Feb 16, 2014, 5:42 PM EDT
Both teams were left with reasons to complain about referee Howard Webb after Arsenal’s 2-1 victory over Liverpool Sunday at the Emirates, but with the Gunners on to the FA Cup’s quarterfinals, only one team was harmed by the game’s controversial decisions. Seeing Arsenal get a small bit of revenge for the 5-1 loss they suffered at Anfield, Liverpool were left to bemoan what ifs after Webb’s whistle failed to the Reds a crucial late call.
“[We] are bitterly disappointed not to get something and not to get another penalty, which I thought was a blatant penalty,” Liverpool manager Brendan Rodgers told BT Sport after the match, as relayed by the Independent.
The controversial non-call occurred late, after Liverpool had already been awarded a penalty when Lukas Podolski brought down Luis Suárez. The second incident came after a blocked free kick was followed by Suárez working his way into the penalty area. This time, however, contact from Alex Oxlade-Chamberlian failed to draw a call from the official.
“It was probably more clear and blatant than the first,” Rodgers said, later going on to say “I thought the best team lost.”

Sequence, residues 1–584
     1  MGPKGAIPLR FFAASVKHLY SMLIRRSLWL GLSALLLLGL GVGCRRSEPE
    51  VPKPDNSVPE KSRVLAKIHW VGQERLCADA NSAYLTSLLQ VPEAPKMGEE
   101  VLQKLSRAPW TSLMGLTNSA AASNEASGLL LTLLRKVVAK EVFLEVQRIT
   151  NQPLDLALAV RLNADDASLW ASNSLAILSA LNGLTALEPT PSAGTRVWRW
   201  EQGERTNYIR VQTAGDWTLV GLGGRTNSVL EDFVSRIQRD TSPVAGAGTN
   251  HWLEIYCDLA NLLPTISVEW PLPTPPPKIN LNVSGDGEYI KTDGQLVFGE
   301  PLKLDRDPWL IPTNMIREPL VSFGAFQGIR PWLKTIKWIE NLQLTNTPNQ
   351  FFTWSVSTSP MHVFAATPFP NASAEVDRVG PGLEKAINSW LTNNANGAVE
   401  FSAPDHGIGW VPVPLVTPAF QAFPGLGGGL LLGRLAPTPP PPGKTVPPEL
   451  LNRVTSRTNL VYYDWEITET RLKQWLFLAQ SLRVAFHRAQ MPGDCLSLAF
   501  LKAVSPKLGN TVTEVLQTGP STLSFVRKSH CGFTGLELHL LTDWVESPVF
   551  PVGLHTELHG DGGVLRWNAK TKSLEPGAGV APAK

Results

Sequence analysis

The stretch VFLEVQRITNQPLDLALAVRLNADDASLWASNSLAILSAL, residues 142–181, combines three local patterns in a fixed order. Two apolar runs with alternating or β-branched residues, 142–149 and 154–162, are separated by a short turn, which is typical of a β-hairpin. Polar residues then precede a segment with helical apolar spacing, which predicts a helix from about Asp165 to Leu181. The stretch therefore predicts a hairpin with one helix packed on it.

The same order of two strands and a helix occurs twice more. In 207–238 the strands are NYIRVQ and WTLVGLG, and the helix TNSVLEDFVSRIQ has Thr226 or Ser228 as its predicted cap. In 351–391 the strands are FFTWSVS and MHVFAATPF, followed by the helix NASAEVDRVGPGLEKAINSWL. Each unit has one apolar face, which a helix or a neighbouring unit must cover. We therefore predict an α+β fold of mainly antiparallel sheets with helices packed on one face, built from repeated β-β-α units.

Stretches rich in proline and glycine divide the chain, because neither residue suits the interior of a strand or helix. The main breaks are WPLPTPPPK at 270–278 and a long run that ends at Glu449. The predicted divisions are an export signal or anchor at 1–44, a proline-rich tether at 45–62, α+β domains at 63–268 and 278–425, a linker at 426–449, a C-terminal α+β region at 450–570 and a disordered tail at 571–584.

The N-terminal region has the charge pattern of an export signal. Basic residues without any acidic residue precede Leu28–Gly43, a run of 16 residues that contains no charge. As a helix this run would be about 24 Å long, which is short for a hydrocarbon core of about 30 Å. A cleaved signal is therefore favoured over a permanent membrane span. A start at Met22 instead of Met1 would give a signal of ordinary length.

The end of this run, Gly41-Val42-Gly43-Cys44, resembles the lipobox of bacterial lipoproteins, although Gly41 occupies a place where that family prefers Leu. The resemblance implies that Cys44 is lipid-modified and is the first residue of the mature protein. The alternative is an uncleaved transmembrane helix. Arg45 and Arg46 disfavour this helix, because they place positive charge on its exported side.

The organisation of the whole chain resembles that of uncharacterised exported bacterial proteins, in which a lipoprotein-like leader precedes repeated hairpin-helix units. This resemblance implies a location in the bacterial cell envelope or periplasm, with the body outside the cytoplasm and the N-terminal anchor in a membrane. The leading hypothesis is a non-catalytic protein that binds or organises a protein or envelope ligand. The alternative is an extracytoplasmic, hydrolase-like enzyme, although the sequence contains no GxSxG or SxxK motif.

To the extent they reflect the actual action, the numbers support Rodgers’ claim. Liverpool dominated possession (57 percent) and put seven shots on target to Arsenal’s three, and while much of that can be attributed to the fact Oxlade-Chamberlain put the Gunners up in the 16th minute, Liverpool still controlled the game.
But claiming control of a game reflects your worthiness to win is as short-sighted as saying all calls should go in your favor, or implying every infraction in the penalty area is always called. There’s an inherent variability to the game that you have to not only accept but overcome. The variability includes matches where a referees’ decisions harm you more than your opponents. The best teams find a way to deal with these circumstances.
Howard Webb may have made mistakes on Sunday, but Liverpool did, too. They failed to adjust to a set of circumstances that worked in Arsenal’s favor. While Rodgers can complain about Webb’s performance, he should also ask why his players failed to respond.
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